- There’s no exact time for your hair to turn green from chlorine. It all depends on how long you swim in the pool and how well you take care of your hair.
- If you swim for eight hours with your hair loose and unprotected, your hair will turn green in a day or two.
- Alternatively, if you stay at the pool for two hours and protect your hair with a waterproof cap or rinse it with tap water every time you finish, your hair will turn green in five or six days. It could even be such a subtle green that you may not even notice it.
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Swimming in a pool or the ocean after coloring your hair: How long should you wait?
Are you planning to take a few days off but fear the chlorine in the pool will ruin your hair color and turn it green?
Please note that your hair won’t end up green the first day after diving in the pool for ten minutes.
So, the chlorine that keeps the pool water clean will leave your hair green when a large amount builds up. The buildup will depend on how long you spend in the water.
- If your blonde hair is in contact with water all day, it’ll turn greenish in a few days.
- Instead, if you wear a waterproof cap, your hair will have almost no trace of green in it.
You should also take into account other issues. And we’ll go into them in more detail.
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Why does blonde hair turn green in contact with chlorine?
As I mentioned earlier, your hair may turn green from chlorine, but other chemicals affect it too.What turns your hair green is the copper sulfate contained in the products that keep the pool water free of algae and fungus.
So, chlorine and copper sulfate make your blonde hair turn greenish.
In detail, chlorine weakens your hair turning it porous, and copper sulfate penetrates the fiber and builds up until it changes the color of your mane.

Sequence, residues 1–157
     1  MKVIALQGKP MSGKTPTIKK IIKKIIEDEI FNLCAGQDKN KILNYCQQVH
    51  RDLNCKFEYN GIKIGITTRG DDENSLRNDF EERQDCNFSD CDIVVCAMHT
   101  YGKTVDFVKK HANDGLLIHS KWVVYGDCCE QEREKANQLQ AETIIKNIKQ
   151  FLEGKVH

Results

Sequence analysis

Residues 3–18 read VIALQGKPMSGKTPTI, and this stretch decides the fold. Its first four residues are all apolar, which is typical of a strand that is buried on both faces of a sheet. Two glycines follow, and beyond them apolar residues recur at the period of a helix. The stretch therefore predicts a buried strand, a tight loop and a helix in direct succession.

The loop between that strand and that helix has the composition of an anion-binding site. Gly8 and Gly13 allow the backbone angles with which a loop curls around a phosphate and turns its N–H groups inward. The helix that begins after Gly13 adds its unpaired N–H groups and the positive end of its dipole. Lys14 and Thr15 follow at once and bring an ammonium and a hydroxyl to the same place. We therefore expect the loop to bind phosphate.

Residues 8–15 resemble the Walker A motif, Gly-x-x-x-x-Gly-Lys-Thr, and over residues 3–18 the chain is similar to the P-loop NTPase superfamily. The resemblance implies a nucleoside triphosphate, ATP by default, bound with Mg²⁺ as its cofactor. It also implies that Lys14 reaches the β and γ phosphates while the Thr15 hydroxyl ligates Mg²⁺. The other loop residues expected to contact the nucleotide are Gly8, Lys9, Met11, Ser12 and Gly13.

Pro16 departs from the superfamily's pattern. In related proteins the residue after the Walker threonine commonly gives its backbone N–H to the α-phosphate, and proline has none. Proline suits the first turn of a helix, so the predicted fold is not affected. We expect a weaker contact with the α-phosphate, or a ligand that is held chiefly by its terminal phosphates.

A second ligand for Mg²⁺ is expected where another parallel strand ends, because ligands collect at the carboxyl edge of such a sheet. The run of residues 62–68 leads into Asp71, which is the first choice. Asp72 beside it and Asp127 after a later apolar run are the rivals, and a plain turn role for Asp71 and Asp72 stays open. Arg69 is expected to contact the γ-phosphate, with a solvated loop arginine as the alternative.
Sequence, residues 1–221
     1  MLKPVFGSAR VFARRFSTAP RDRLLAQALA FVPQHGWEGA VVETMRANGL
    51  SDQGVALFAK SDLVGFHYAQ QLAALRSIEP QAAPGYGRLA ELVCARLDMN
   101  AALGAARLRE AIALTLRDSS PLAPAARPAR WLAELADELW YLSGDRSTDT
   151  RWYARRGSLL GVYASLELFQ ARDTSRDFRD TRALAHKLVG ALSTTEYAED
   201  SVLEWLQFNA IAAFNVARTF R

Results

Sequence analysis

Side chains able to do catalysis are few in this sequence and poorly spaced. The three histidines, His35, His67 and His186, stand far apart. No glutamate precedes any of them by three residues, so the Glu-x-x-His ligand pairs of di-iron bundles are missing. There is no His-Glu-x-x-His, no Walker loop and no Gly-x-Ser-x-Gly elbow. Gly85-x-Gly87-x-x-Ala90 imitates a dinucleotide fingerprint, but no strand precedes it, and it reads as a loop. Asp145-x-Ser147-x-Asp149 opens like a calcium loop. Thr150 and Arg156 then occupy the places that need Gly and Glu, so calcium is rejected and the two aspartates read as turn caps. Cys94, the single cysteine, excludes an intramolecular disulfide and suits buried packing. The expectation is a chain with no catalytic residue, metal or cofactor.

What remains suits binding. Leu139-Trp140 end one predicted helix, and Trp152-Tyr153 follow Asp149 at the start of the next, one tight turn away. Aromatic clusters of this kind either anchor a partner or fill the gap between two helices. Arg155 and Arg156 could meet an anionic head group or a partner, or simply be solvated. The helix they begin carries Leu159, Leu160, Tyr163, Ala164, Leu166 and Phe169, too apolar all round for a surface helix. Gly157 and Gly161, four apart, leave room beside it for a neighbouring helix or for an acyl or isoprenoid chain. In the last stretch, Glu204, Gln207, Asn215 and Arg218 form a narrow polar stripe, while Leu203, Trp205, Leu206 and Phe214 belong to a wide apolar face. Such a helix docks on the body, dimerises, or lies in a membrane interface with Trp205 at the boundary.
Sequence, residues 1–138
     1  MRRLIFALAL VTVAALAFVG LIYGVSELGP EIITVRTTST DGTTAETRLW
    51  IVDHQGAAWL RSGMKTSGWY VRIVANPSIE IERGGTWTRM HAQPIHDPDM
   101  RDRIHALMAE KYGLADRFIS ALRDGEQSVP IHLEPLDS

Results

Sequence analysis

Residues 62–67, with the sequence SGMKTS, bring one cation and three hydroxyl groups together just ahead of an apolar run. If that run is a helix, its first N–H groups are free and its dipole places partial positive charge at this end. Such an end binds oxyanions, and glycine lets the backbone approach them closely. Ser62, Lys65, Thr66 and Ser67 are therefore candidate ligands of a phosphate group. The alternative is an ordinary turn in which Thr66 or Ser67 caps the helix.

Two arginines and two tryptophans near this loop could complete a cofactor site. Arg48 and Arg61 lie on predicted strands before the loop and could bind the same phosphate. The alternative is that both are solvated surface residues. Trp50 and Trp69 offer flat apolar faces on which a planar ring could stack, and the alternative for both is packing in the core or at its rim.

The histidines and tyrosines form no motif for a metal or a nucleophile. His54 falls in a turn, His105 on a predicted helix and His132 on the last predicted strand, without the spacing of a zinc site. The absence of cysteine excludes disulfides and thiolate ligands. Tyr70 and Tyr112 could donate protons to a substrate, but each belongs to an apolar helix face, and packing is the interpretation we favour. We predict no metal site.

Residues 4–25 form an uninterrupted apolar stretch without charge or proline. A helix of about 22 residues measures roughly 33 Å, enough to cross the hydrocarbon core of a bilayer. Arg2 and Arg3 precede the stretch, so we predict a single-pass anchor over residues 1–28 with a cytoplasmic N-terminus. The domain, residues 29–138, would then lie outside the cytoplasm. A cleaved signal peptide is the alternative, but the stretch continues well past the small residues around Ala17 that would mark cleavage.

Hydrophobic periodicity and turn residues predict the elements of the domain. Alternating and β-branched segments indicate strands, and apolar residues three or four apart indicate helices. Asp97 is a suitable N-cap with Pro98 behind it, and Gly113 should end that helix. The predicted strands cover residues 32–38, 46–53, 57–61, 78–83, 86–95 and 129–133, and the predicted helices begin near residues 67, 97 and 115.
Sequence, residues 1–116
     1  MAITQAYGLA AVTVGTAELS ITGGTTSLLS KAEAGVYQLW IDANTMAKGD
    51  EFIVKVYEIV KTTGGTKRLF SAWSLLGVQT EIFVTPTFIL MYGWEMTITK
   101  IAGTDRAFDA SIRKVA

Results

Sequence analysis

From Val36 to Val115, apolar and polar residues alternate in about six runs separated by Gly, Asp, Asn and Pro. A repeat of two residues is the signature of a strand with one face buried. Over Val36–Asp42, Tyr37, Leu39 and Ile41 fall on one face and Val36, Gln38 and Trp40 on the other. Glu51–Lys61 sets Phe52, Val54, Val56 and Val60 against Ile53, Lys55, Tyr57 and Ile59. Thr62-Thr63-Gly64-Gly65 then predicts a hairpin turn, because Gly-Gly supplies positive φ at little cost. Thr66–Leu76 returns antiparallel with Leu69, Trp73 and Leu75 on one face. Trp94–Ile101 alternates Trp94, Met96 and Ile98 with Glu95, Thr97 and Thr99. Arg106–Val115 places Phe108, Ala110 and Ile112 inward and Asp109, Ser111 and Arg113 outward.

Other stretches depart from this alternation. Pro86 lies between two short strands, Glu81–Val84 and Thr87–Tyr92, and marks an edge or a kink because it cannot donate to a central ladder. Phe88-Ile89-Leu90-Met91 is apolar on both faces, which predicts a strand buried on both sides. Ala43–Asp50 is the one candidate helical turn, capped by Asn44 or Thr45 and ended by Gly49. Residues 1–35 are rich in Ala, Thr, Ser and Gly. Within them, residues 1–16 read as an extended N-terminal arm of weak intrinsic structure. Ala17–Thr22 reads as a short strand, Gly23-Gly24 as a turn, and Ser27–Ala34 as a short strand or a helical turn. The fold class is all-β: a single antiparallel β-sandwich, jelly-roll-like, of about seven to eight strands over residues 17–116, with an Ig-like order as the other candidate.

So, how long it takes for your hair to turn green from chlorine is the exposure time.
It’s like wondering how long it’ll take for the sun to tan your skin. It depends on how long you expose yourself to the sun and how you care for your skin.
- If you sunbathe every day for four hours without any protection, you’ll be tanned within two days. But your skin will take a toll on you, as the UV rays will dry it out.
- Alternatively, if you expose yourself to the sun’s rays every day for ten minutes using sunscreen, it will take you longer to get a tan, but you won’t expose your skin to deterioration and drying out.
Pool water will have a similar effect on your hair. Your hair will turn greenish according to the time your mane is in contact with the water.
- If you decide not to get in the pool, your hair won’t turn green.
- If you stay in the water for eight hours without wearing a cap, it will take two days for your hair to turn green.
- If you swim for two hours and protect your hair with a waterproof cap or rinse it with tap water after swimming, the green shades will emerge after five or six days, but they’ll be very subtle. You may not even notice them.
How to keep chlorine from turning your hair green
Here are three tips to help you avoid turning your hair green.
Wet your hair before diving in the pool
If you saturate your hair fiber with tap water, it won’t have much room to absorb pool water. This will prevent chlorine and copper sulfate from settling in your hair and changing its color.
Apply hair sunscreen before entering the water
These products are for hair damaged by sun, chlorine, and high temperatures. The main advantage is that they are water-resistant and form a shield that prevents chlorine from penetrating the hair fiber. So, they help you keep your blonde color longer.
Use waterproof swim caps
I know. Swimming while covering your hair with a swim cap will take away the fantasy of transforming into a beautiful mermaid, but it’ll help you avoid chlorine and copper sulfate buildup.You should also rinse your hair with tap water when you get out of the pool to remove any remaining chlorine and copper sulfate.
This will prevent your hair from turning greenish and you’ll have a gorgeous mane throughout your vacation.
Now you know that there’s no exact time for the chlorine to turn your hair green. It all depends on how long your hair will be exposed to it and a few things you can do to take care of it.
If you protect your hair from chlorine by wearing a swim cap and rinsing your hair with tap water before and after swimming, it’ll take longer for your hair to turn green and you may even be able to avoid it.